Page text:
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A personal update from Ben Bolling
Ben Bolling here. I hope everyone is doing well. Happy Independence Day weekend to all of our readers in the States and happy Monday to all of you.
Dang. This post is hard to write, but I’m just going to jump straight to it.
I’m going to have to delay our regularly scheduled New Futurists content for the month of July. I’m dealing with some elder care challenges that demand my complete attention at the moment.
Because I’ve had to do some fumbling in the dark when it comes to taking care of the aging folks in my life, I want to use this post to collect some resources that have proven IMMENSELY helpful to me. If you have other suggestions for elder care resources, please drop them in the comments below, DM me, or drop me an email and I’ll add them to the list.
I want to shout out my two close collaborators Ezequiel Rubio on Southern Gothic and Luis Valero-Suarez on Into the Omniverse for being incredibly kind and supportive during this challenging personal time for me. They both graciously reminded me that it’s okay to take some time to take care of yourself and the ones you love. We’ll be back in August, ready and raring to go.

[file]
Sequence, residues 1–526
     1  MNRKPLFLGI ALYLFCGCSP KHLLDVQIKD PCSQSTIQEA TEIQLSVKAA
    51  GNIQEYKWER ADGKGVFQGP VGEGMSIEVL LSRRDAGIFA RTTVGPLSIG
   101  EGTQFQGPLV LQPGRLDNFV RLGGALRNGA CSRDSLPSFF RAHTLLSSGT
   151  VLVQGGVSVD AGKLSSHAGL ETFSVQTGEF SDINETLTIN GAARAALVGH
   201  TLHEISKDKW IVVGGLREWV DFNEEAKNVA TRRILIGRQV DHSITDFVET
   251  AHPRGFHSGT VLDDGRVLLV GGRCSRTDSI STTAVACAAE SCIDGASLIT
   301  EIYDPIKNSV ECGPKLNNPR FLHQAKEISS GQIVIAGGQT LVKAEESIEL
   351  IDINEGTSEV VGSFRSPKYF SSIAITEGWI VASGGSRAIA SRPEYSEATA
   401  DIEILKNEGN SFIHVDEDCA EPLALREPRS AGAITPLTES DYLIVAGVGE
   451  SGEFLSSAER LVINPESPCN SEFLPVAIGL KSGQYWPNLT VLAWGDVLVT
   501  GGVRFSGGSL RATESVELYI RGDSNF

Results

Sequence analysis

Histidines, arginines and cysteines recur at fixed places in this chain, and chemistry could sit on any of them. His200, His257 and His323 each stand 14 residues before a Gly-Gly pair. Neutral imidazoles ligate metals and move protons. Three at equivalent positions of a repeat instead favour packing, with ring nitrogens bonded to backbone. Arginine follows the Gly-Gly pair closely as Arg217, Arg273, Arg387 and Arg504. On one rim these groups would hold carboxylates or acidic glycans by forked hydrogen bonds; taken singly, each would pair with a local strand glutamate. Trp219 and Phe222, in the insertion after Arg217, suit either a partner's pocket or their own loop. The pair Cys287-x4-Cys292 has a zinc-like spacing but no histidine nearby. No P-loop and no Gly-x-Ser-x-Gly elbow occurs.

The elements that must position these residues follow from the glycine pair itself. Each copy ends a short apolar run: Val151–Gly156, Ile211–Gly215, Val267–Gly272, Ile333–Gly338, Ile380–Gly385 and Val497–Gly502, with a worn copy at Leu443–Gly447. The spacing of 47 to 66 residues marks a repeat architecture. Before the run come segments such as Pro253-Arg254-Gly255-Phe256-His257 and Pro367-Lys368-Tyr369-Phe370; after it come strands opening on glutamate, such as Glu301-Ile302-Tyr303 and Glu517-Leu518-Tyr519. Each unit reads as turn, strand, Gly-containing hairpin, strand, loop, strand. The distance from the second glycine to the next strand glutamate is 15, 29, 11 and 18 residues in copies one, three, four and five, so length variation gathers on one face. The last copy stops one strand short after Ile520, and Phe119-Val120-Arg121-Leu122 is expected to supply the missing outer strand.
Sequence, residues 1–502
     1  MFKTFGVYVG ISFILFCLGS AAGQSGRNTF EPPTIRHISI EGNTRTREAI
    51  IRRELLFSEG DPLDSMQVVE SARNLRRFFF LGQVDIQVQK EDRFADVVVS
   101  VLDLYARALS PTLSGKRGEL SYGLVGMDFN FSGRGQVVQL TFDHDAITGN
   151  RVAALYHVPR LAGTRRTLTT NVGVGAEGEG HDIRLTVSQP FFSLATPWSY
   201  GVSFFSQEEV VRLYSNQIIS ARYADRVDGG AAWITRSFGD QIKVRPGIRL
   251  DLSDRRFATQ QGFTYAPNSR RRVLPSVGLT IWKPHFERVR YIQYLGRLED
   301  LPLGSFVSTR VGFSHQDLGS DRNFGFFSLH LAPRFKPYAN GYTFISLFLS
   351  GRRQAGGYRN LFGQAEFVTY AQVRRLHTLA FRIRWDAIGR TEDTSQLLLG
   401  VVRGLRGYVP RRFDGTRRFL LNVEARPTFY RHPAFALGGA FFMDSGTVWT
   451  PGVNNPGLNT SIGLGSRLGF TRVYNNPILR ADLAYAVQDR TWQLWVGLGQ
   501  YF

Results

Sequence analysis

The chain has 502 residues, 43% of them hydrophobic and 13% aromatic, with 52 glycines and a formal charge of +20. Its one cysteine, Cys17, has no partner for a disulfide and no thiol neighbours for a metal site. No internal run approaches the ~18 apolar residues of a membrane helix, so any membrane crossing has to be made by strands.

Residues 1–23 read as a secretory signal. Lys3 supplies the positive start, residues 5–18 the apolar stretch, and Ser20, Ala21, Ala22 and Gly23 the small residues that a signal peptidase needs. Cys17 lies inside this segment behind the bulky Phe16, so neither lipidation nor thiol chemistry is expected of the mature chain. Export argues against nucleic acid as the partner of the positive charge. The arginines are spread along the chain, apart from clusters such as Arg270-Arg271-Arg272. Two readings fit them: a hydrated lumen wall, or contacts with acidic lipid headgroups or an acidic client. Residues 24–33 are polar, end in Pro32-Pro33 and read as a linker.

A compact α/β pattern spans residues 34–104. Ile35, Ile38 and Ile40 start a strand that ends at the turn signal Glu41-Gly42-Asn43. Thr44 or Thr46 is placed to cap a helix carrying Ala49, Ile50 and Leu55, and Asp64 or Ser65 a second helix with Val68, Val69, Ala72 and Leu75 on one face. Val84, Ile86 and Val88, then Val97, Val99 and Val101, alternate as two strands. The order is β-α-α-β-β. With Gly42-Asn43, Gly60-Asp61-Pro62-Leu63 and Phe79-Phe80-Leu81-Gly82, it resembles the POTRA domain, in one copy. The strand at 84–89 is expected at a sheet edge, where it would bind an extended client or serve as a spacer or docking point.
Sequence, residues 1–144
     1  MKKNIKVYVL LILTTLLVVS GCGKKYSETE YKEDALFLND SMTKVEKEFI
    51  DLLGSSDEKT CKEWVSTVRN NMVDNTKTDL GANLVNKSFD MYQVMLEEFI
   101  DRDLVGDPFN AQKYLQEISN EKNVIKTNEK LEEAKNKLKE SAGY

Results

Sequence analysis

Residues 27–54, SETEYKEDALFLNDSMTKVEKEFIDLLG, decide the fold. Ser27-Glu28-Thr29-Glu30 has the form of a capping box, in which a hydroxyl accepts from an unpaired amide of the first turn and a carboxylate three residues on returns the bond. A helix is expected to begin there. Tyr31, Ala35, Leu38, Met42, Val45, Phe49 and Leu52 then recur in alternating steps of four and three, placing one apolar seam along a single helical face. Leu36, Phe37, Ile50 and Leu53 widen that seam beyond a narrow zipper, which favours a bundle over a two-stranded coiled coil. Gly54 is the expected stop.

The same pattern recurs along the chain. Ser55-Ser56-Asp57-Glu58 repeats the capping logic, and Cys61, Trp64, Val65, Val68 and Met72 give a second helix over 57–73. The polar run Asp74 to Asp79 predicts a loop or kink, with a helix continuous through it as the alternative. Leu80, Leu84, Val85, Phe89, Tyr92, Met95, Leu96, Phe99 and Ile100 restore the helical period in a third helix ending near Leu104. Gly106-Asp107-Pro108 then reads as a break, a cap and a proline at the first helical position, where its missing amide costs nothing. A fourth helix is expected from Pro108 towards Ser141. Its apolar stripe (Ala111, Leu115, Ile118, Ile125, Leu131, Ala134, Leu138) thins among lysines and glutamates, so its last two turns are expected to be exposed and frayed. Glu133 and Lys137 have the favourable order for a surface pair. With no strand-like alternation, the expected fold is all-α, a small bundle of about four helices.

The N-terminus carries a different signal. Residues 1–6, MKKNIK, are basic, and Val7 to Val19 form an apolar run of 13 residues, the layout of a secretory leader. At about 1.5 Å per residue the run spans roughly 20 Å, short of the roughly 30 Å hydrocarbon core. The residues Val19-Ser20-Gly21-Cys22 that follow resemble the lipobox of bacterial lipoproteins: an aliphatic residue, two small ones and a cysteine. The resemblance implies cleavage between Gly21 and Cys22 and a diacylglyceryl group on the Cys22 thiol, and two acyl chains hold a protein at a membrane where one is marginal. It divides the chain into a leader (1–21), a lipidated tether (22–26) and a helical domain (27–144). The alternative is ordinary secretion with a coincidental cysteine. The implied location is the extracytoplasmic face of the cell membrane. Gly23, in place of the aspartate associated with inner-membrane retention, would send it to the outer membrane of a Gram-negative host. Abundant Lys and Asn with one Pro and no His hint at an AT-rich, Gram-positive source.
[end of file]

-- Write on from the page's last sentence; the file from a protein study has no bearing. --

Also, a huge thank you to all of our subscribers. Allow me to riff on a little benediction that one of my dear high school English teachers, Joan Short, shared every Friday in her classroom: “As Carson McCullers reminds us in The Member of the Wedding, ‘The world is certainly a sudden place,’ so take care of yourselves, take care of each other, and come back to us safely here because you are very much appreciated here in this place.”
A few eldercare resources, links, and articles I’ve been reading:
You are not in this alone, folks. AARP Friendly Voice is a program with trained, caring volunteers on the other end of a phone line who are ready to chat, listen, or just say hello. Phone: Call 1-888-281-0145 for English or 1-888-497-4108 for Spanish, leave your information and you will get a return call.
The AARP family caregiver guides are excellent.
I had a bad experience with the resource “A Place for Mom” that you may have seen advertised. Long and short: they receive a commission on placing your loved one in some sort of facility (e.g. independent living, assisted living, memory care, etc.). When you’re stressed about how to best care for a loved one, the last thing you need is someone trying to hard sell you on the first, easiest available options. I would highly recommend looking for a local aging specialist. You can find local and community resources here.